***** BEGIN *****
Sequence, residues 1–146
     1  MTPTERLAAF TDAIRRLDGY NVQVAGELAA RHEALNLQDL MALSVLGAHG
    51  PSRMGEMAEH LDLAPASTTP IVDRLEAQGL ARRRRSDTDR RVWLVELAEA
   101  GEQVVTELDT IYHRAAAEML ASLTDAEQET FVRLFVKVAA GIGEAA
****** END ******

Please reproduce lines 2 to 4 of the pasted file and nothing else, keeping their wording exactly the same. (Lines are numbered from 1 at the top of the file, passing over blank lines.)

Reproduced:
     1  MTPTERLAAF TDAIRRLDGY NVQVAGELAA RHEALNLQDL MALSVLGAHG
    51  PSRMGEMAEH LDLAPASTTP IVDRLEAQGL ARRRRSDTDR RVWLVELAEA
   101  GEQVVTELDT IYHRAAAEML ASLTDAEQET FVRLFVKVAA GIGEAA